First Stem Cell Study Of Bipolar Disorder Hints At A Future Of Better, More Effective Treatments

This week, researchers announced that the first-ever stem cell study on bipolar disorder could result in better treatments for sufferers. The University of Michigan study, funded by a bipolar-research organization, took cells from bipolar patients, turned those cells into neurons, and then compared those cells to ones found in people who don't suffer from the disorder. Science!

The most surprising part of the study? How differently the bipolar cells communicated with each other and behaved, researchers found. The neurons especially responded differently to the influence of lithium, a common treatment for patients that can unfortunately cause a lot of negative side effects.

Researchers made the neurons using skin from people with bipolar disorder. Comparing the neurons to those of patients without the disorder made it possible to look at how the bipolar patients' neurons behaved and responded to medications differently.

Generally, bipolar disorder is considered a very challenging illness to treat. Patients respond unpredictably to medical treatment, and there is no cure. Melvin McInnis, the study's principal researcher and a professor of bipolar disorder at UM, explained in a video why treating bipolar patients has been so difficult in the past:

Bipolar disorder is ... very difficult to treat. Although we have a number of medications, the problematic thing with these medications is that we really do not have a method to determine which medication is best for a specific individual.

This research may change that, because it offers a direct look into how bipolar brain cells function in comparison to "normal" brain cells. Until the study, researchers had never looked specifically at differences in brain cell function and formation among those who have been diagnosed with bipolar disorder and those who have not, the University of Michigan said in a news release.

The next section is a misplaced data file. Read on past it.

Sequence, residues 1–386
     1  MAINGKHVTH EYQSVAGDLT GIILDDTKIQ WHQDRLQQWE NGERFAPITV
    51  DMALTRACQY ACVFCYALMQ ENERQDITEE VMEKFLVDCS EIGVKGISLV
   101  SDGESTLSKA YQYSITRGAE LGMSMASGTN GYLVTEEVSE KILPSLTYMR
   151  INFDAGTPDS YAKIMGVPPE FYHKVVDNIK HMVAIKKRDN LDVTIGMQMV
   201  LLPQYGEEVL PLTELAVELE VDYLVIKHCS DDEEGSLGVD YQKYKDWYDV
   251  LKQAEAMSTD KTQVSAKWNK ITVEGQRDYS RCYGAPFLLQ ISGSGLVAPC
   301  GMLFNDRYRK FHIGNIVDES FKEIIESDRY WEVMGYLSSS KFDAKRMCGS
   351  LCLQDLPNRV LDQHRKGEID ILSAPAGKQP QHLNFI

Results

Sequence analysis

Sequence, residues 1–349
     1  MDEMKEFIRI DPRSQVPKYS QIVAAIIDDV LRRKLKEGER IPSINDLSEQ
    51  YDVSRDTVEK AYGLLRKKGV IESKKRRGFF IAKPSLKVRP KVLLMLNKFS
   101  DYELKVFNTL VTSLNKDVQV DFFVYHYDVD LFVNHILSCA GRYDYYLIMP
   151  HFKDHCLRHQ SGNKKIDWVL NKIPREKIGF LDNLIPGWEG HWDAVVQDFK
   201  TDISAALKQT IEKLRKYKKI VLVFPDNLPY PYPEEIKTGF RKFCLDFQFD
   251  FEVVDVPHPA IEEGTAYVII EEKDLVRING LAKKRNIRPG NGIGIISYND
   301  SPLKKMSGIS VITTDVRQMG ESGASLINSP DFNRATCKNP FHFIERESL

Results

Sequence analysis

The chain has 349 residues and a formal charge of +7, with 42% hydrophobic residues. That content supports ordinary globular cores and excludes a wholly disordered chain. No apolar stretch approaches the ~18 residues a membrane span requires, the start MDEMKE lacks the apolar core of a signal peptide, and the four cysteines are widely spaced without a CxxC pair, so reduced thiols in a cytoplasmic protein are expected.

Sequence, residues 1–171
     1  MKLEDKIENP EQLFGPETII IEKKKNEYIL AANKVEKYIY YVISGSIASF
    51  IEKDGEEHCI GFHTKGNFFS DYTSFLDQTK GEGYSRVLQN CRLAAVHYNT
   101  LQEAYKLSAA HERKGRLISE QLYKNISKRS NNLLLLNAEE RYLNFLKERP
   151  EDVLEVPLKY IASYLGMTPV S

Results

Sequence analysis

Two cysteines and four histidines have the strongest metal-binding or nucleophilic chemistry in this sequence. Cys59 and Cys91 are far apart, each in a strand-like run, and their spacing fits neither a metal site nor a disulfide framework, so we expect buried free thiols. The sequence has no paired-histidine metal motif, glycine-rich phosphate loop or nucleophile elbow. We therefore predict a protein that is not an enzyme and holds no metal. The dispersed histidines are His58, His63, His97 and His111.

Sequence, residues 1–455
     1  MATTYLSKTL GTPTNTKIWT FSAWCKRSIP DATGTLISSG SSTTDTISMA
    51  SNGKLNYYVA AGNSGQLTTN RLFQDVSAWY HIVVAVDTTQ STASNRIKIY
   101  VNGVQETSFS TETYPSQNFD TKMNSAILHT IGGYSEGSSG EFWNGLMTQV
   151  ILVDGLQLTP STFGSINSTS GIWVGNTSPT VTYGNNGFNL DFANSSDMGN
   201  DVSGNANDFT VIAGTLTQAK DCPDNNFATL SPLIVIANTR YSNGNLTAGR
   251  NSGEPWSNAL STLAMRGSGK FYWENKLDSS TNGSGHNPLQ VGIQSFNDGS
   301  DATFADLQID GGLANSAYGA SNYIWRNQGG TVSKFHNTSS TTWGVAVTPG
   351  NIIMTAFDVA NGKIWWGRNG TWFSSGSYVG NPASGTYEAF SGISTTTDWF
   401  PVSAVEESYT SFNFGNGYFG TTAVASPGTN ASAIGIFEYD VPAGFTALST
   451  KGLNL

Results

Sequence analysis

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Stem cells are unique because they contain the genetic code for lots of different types of cells, meaning researchers can do amazing things with them (like grow neurons, or, say, an entire organ.) The newer type of stem cell research used allows scientists to reprogram something like skin cells and turn them back into stem cells. Using those stem cells, they can grow many types of cells, like neurons.

That process basically allowed scientists to see inside the brains of patients diagnosed with bipolar disorder. Said Sue O'Shea, who discussed the research in the video released by UM:

We've taken skin samples, biopsies, from patients who have been diagnosed with bipolar disorder. We've reversed the clock and turned them into stem cells, and then used those stem cells to differentiate into neurons.

The study also found tiny differences in the way genes are expressed in patients with bipolar disorder. This finding supports the idea that bipolar disorder occurs in people with "a combination of genetic vulnerabilities," according to the release.